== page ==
Spending cuts spur feds to mull capital budgeting

Whether the White House or Congress prevails in the fight over the federal budget, funds for information technology programs will likely shrink over the next six years as cuts in discretionary programs continue. So how will agencies find the money for information systems?

According to administration officials and industry advisers, they will have to treat these investments the way businesses do, as capital assets whose costs can be justified by measurable benefits.

Capital budgeting, as this strategy is called, is not a new idea. Its basic principle—that agencies should account for the costs of, and expected returns from, their IT investments—is a feature of popular "best practices" guidelines as well as of laws such as the Paperwork Reduction Act, the Government Performance and Results Act and the new Cohen Act for reforming IT management.

But agencies, focused on an annual appropriations process that emphasizes short-term expenses, have done little to integrate their information resources management plans with their budget requests.

"Traditionally, government information technology decisions have not been made on a return-on-investment basis," said Phil Kiviat, vice president of business development with Sterling Software Inc.'s federal office.

"Information technology requires a large up-front expenditure by the federal government," said Stanley Collender, director of federal budget policy at Price Waterhouse. "Under current budget rules, it has to be paid for [under] appropriations caps, so any increase in spending has to be matched by reductions in other places. The problem here is that IT generally takes some time."

Although many agencies see longer-term appropriations as the solution to these funding difficulties, observers of the federal budget process do not expect Congress to change how it allocates money anytime soon. If agencies can prove to Congress that they are making sound investment decisions, however, many think lawmakers are more likely to back multimillion-dollar IT expenditures year after year.

Soon agencies will get the most specific guidance to date about how to incorporate systems life-cycle costs into their budget requests. Regulations to be proposed later this month carrying out the Cohen Act are expected to outline what agencies must do to account for their IT expenditures.

"At this point, we're not trying to do any comprehensive budget reform," said Bruce McConnell, who heads the Office of Management and Budget's IT policy branch. But, he said, providing more data to Congress about the long-term impact that information systems will have on agency operations might prompt legislators to consider agencies' future, as well as current, needs.

Morgan Kinghorn, a director with Coopers & Lybrand, agreed. "One of the real problems with getting money for these investments over a long period of time is the lack of clarity in people's expectations of what IT can deliver," said the former Internal Revenue Service chief financial officer (CFO). "Getting some fundamental agreed-upon objectives...will clarify to all stakeholders what's really expected."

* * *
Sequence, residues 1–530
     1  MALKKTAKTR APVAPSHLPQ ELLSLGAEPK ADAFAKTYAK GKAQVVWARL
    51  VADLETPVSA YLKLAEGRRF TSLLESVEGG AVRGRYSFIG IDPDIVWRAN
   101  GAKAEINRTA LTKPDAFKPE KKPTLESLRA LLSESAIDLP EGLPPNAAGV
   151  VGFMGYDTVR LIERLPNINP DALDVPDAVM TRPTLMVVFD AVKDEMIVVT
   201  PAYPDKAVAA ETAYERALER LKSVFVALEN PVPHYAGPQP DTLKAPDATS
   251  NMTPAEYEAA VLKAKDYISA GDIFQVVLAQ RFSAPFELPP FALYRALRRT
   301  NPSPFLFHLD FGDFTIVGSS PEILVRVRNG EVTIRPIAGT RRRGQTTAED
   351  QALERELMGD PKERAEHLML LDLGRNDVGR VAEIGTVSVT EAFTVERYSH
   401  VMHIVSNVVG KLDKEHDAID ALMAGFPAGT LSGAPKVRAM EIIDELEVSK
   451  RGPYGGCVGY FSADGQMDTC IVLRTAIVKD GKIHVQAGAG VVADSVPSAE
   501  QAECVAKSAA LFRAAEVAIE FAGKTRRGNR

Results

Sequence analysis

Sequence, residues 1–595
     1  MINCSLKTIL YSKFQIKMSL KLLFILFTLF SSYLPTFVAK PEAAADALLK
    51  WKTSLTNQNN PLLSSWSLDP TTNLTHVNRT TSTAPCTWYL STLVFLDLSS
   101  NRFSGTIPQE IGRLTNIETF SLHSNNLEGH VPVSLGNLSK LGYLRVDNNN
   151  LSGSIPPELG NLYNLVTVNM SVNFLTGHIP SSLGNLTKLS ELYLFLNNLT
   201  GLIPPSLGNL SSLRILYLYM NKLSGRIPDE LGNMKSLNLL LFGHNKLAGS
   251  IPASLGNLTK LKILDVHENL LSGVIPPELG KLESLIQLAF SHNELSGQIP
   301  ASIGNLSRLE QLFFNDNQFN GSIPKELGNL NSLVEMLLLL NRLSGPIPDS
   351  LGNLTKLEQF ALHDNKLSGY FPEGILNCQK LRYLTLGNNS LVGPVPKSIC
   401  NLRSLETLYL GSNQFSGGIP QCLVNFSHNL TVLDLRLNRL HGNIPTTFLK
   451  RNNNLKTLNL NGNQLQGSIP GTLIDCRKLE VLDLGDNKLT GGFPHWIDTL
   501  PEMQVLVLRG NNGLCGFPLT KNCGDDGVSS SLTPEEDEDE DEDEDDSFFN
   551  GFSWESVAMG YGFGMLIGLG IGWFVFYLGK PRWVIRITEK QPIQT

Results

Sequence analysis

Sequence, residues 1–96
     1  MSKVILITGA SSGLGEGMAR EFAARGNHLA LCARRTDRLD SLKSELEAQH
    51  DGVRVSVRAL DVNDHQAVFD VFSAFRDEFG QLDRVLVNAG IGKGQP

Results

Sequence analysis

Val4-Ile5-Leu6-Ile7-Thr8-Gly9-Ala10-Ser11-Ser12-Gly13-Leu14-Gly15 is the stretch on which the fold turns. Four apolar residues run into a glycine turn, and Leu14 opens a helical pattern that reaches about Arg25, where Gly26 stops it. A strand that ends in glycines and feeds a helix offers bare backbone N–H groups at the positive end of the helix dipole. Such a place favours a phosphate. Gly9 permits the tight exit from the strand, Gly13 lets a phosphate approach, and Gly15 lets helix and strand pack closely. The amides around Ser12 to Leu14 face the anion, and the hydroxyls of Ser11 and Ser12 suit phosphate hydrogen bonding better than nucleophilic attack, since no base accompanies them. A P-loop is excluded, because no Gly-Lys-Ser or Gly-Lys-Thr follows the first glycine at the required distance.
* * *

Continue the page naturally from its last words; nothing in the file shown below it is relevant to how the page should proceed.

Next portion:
Kinghorn said agency chief information officers who will be appointed under the Cohen Act will have to work closely with the CFOs to develop "baseline data describing what current systems provide for the money—something most agencies have not done."

In the current budget cycle for fiscal 1997, there is little evidence of this approach. "This year we only partially scratched the surface," said John Koskinen, OMB's deputy director for management. New budgeting techniques would mainly be applied to new systems, he said, beginning with the budget for fiscal 1998.

With projects already under way, he said, "one of the issues is whether there is a real understanding of what we'll get from the systems."

One question OMB wants agencies to consider is whether to break up major systems into smaller, less risky modules, as is advocated in the Cohen Act.

Some think funding decisions for federal investments such as IT should be treated differently by Congress than general operating expenses. Advocates of creating a capital budget for the government have argued that investments that produce measurable returns should not have to compete for funding against day-to-day expenditures such as salaries, grants and benefits paid to taxpayers.

One problem, however, is that it may be hard politically to define what to count as investment spending. A House staff member who works for the Government Reform and Oversight Committee's Government Management, Information and Technology Subcommittee said some fear that a separate investment budget could be used to exempt programs from cuts required to balance the budget—now a goal of the administration and Congress.

Nevertheless, the aide said, "it makes a lot of sense to consider it. There might be something to be gained by having one pot for IT funds."

The committee is planning a hearing on the subject soon. Last year lawmakers introduced three bills that would establish capital budgets for the government, including Reps. William Clinger (R-Pa.) [H.R. 767], Bob Wise (D-W.Va.) [H.R. 1233] and Ray Thornton (D-Ark.) [H.R. 1109].

Meanwhile, Collender, working with the Information Technology Association of America, has been developing a proposal that would create some type of special rule for IT spending that would allow Congress to take into account the savings a project would produce.

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